The governor is a duplicitous, dimwitted, and dangerous power monger that has no clue and no interest in the history of public education in California, and this lawsuit is a reflection of his bungling. He’s more interested in being an aging political rock star than he is in the nuts and bolts of daily governance, which should always include a deep respect and comprehension of our state’s educational history, which is something he and wife – both imports - clearly do not embrace. What did we expect when we elected someone like this – someone who has ill-advisedly demonstrated this deep and necessary gubernatorial deference toward our once-gleaming trophy case of world class public schools spanning kindergarten through university – by systematically disregarding and eventually destroying it? Make no mistake, this governor has overseen the destruction of this system because he never had the capability to understand the value of this treasure. His slobbering stampede to play politician and de-regulate California has left public education blood on his hands, and although he may blame others for the demolition of our world-renown trophies, he and his minions alone are responsible for this debacle. How dare Arnold Schwarzenegger steal 17 BILLION DOLLARS in just two years from our public schools and then squeal like a stuck pig when professional educators – those who built the trophies with grit, vision, and intellect – have the obvious and long-overdue gumption to sue his administration. Oh, and blaming teachers by attacking state seniority rules in your own recently-filed, transparent and mildly criminal lawsuit against them, Mr. Schwarzenegger, is probably not going to work in your favor either. Blaming the same teachers who built our school trophies – those hard working public school foot soldiers who care for our most precious resource and have been forced to undergo a severe Sacramento-orchestrated financial starvation campaign under your watch for the past two years (17 BILLION DOLLARS and counting) – as the cause of the problem is akin to biting the hand that feeds you. ‘Godspeed’ to the plaintiffs in the lawsuit mentioned here, and ‘shame on you’ to the lame duck governor of California.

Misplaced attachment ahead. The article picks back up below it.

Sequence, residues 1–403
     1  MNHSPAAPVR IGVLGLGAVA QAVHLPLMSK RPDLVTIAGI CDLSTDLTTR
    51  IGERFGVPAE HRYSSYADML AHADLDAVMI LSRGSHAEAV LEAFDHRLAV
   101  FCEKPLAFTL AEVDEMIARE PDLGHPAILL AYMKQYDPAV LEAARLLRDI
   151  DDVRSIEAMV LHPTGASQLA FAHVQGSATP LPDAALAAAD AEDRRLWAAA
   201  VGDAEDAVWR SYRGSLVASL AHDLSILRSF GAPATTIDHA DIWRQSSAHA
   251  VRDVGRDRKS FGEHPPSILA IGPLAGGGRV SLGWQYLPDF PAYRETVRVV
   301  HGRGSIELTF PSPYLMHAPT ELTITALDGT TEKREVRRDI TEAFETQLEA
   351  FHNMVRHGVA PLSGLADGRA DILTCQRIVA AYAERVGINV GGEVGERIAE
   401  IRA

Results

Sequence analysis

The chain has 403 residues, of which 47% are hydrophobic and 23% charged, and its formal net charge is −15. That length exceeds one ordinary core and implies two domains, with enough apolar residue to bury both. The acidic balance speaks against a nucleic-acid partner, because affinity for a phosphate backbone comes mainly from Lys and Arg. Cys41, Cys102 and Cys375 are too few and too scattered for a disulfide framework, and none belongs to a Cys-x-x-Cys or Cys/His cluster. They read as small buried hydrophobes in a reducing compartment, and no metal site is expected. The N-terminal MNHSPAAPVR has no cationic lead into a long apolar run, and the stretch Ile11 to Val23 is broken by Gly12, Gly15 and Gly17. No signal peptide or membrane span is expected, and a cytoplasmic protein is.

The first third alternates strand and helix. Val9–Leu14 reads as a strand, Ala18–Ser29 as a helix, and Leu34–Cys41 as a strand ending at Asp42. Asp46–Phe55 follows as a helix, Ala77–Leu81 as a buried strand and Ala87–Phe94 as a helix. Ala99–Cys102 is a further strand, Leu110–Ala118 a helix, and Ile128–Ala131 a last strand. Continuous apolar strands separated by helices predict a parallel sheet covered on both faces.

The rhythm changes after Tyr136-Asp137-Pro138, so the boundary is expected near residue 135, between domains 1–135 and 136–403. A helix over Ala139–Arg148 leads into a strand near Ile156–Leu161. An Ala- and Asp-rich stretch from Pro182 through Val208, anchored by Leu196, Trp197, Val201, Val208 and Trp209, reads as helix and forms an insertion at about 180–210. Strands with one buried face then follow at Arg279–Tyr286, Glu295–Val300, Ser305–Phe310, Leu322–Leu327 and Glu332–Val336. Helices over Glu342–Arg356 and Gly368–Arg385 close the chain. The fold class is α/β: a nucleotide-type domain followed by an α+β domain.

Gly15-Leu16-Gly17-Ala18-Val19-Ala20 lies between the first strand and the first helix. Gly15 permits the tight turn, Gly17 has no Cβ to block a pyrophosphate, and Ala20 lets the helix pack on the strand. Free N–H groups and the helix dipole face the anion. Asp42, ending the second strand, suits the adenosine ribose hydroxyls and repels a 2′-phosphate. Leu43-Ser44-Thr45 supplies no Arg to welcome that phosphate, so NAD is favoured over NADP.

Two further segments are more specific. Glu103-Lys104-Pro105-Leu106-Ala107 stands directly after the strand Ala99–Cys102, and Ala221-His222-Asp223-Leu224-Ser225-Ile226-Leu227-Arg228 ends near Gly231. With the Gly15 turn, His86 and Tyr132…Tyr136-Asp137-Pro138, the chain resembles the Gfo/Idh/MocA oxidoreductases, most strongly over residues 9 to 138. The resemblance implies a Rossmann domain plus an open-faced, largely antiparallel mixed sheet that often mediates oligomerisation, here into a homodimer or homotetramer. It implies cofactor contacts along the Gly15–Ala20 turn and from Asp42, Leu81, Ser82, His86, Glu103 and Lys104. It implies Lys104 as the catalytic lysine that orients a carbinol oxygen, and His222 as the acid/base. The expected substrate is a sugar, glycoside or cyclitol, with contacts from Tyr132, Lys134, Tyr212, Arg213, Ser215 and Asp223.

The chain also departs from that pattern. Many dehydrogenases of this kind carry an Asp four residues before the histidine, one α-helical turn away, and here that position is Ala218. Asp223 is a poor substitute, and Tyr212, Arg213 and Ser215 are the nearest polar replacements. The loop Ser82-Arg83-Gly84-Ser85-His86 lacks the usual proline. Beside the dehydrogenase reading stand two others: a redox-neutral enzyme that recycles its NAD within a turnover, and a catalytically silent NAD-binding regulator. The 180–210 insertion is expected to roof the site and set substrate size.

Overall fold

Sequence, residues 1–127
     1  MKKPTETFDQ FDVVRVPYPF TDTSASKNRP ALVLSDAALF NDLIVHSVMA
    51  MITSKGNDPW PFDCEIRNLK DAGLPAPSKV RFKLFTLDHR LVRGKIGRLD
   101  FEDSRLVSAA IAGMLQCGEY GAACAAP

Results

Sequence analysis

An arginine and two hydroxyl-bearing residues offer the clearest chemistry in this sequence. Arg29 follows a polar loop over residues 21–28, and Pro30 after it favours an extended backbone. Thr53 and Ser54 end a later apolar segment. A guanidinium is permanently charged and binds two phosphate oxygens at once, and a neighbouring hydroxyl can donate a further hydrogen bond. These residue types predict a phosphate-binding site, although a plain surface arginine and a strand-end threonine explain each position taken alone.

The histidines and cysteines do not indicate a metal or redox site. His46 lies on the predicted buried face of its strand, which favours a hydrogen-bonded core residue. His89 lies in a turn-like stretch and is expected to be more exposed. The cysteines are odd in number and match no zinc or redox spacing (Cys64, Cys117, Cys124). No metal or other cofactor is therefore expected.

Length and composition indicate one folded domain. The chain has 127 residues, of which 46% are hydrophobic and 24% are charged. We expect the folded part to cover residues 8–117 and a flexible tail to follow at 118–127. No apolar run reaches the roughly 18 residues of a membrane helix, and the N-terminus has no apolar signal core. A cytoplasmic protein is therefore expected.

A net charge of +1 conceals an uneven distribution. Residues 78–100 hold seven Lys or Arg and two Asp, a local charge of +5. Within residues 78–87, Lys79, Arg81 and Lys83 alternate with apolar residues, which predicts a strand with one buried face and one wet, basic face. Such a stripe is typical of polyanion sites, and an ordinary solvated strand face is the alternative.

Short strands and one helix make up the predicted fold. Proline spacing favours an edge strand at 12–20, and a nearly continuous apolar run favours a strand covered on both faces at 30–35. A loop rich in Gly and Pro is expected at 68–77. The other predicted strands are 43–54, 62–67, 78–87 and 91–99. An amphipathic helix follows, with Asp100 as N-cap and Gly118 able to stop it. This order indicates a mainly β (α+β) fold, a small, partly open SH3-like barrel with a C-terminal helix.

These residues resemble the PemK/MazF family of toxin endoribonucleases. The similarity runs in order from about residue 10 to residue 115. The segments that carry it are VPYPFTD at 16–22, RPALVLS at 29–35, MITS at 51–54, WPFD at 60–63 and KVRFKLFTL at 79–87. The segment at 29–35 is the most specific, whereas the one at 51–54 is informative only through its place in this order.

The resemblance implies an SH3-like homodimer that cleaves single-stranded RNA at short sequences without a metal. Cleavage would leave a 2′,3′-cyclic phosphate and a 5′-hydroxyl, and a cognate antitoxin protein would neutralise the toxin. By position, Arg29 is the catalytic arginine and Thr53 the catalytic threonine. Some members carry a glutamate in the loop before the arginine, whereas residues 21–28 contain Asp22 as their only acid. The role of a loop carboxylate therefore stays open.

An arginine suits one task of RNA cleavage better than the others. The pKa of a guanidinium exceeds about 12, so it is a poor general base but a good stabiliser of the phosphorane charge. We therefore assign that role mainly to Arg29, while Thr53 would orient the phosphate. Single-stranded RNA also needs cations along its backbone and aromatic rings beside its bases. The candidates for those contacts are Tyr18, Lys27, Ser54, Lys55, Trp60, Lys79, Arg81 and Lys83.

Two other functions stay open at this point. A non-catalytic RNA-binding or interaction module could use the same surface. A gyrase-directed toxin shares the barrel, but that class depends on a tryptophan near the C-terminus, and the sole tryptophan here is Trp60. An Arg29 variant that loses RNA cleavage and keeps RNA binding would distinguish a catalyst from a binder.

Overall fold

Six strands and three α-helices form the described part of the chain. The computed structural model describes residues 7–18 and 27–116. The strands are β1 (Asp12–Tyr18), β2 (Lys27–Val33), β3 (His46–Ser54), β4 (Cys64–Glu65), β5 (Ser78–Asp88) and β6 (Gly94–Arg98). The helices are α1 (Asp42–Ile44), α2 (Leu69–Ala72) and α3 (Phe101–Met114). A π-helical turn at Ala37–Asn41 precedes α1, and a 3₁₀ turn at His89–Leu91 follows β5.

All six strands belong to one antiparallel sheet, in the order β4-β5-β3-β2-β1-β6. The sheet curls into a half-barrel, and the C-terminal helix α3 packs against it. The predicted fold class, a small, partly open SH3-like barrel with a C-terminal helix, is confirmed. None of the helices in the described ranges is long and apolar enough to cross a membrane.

Parent of 2 children in the suit: GREAT JOB! I applaud you! I wish more parents would be pro-active like you!
jpcabrera2 at aol.com